Déjà Vu

Investing Environment Review and Outlook – Volume 60

Déjà Vu

Last month we discussed the positive implications of the mid-cycle economic slowdown, intense selling, and the extreme investor positioning. Since then, it was a round trip for the S&P 500 up 10% into May’s month-end followed by this week’s sharp 3-day 9% decline prior to the widely anticipated June Fed meeting. Despite recent news, like the crypto crash and the Fed 0.75% hike on 6/15, the major economic, sentiment and technical conditions match one month ago, and remain positive for equities in the short term despite the negative headlines. This month we discuss the implications of the Fed’s move and update some of last month’s relevant charts.
We raised the emerging markets rating to a bullish 5. The U.S. and foreign developed equities remain a neutral 3 along with long term bonds. Gold remains a bullish 5 and commodities a neutral 3.

June Fed Hike: Potential Equity Turning Point

After the extreme selling in the last two weeks and near record low investor positioning, the 0.75% 6/15/22 Fed interest rate hike may mark a turning point for equities. We know the Fed hiking rates combined with inflation is a negative combination historically, which is why we cut ratings and exposure in April. However, we also know markets anticipate future events. The S&P 500 declining 23% over 5 months has certainly anticipated bad news, in particular pricing in Fed Funds at 4.0% by year end. If that occurs, 2022 will rank 3rd for Fed hikes in the 108 years since the Fed began in 1914, just behind Volcker in 1979 and 1980. The important point is a lot of bad news is already expected and priced into markets.
In two similar prior cases in Nov 1978 and Oct 1979 when stocks declined sharply and the 10-year yield rose sharply before the Volcker Fed hiked interest rates, stocks rallied, and the 10-year yield declined afterwards. In both cases the S&P 500 was up 10% within 3 months.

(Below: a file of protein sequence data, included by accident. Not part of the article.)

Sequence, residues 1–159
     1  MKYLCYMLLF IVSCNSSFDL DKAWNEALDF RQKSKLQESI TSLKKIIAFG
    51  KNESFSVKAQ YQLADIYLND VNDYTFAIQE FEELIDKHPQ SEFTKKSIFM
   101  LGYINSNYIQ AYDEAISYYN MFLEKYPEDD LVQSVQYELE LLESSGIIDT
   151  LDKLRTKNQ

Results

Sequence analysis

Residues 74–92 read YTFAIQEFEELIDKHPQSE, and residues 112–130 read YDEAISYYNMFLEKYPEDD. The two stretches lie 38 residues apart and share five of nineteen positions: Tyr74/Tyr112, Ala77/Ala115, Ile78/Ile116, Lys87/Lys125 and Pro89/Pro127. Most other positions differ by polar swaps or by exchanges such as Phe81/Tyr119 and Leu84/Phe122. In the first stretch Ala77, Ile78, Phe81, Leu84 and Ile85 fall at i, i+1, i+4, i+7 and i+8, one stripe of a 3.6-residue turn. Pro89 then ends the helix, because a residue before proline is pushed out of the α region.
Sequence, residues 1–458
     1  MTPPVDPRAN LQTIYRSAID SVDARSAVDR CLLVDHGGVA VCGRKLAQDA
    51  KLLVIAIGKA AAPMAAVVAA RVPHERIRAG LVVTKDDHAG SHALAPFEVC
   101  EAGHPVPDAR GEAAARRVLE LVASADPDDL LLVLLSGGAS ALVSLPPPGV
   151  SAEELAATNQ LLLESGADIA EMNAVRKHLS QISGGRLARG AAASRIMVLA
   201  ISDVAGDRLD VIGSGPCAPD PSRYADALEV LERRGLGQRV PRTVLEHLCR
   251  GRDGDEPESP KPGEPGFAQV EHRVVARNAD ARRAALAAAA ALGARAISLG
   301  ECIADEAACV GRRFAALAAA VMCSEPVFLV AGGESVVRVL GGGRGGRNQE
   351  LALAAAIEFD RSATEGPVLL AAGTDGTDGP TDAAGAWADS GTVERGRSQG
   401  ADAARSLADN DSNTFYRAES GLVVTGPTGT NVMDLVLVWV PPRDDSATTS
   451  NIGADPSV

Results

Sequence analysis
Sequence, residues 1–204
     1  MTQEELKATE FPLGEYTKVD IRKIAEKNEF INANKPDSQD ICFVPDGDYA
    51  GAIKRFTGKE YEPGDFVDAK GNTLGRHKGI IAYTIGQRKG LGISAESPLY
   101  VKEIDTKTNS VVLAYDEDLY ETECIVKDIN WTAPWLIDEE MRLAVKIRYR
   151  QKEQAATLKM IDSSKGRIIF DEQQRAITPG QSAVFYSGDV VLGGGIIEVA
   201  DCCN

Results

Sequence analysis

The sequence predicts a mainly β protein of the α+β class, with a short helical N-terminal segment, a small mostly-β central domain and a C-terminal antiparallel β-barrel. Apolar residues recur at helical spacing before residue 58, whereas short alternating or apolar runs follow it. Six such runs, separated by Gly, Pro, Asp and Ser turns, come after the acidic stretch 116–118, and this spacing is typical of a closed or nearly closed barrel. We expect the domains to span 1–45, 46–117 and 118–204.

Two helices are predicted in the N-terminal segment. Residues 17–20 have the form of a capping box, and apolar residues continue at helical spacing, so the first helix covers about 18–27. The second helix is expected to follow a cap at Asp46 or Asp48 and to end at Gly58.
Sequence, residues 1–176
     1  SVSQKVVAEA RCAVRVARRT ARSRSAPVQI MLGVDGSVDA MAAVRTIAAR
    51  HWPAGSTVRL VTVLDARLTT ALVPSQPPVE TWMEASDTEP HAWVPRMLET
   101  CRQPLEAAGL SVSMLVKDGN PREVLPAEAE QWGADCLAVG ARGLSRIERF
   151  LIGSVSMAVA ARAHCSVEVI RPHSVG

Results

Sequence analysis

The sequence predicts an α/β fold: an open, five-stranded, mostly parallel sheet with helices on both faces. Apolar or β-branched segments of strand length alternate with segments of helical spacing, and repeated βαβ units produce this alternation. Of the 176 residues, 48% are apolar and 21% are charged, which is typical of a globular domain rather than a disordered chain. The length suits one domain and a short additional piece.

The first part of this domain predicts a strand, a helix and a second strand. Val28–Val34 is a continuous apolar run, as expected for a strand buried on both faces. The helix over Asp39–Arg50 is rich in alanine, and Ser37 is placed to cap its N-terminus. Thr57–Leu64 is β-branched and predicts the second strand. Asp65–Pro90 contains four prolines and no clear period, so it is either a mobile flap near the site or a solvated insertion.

Falling Federal Spending Slowing Economy, Helping the Fed

Federal outlays peaked with the economy in March 2021 and have led lower since then. This is no coincidence since Federal outlays were 30% of GDP in 2021. The slowing economy is consistent with prior mid-cycle slow downs, positive for equities, particularly when the Fed is hiking rates as they are today. The slowing takes the pressure off inflation and the Fed eventually.

Equity Extreme Selling…Again

After a 10% 2 week rally off the May 20th extreme selling low, the S&P 500 reversed sharply lower in June in a second round of extreme selling. On 6/13 the S&P 500 was over 10% below the 50-day average, in the first percentile of historical oversold readings. That means in prior cases stocks were stronger 99% of the time, and today more likely to reverse to the upside than decline further. In addition, the media widely reported the S&P 500 was down over 20% from the high, marking a bear market. It sounds ominous but of the 13 prior cases since 1950, all but one was higher 2 months out an average of 6.2%, over 3x the historical norm.

How the 10 Year Treasury Yield Matters for Equities

The decline in the S&P 500 price earnings ratio this year from 26.2 at year end to 18.9 on 6/13 as the 10-year yield climbed from 1.5% to 3.4% demonstrates what we discussed last month – that a higher interest rate translates into a lower present value. While not predictive, it shows why interest rates are so important to the stock market, and why we watch them closely. The current P/E and 10-year yield combination is now in line with historical readings. The second chart shows relative to inflation of 8.6%, the valuation is still above prior cases. This will likely resolve with a higher 10 year yield and lower valuation, or inflation declining back to the norm.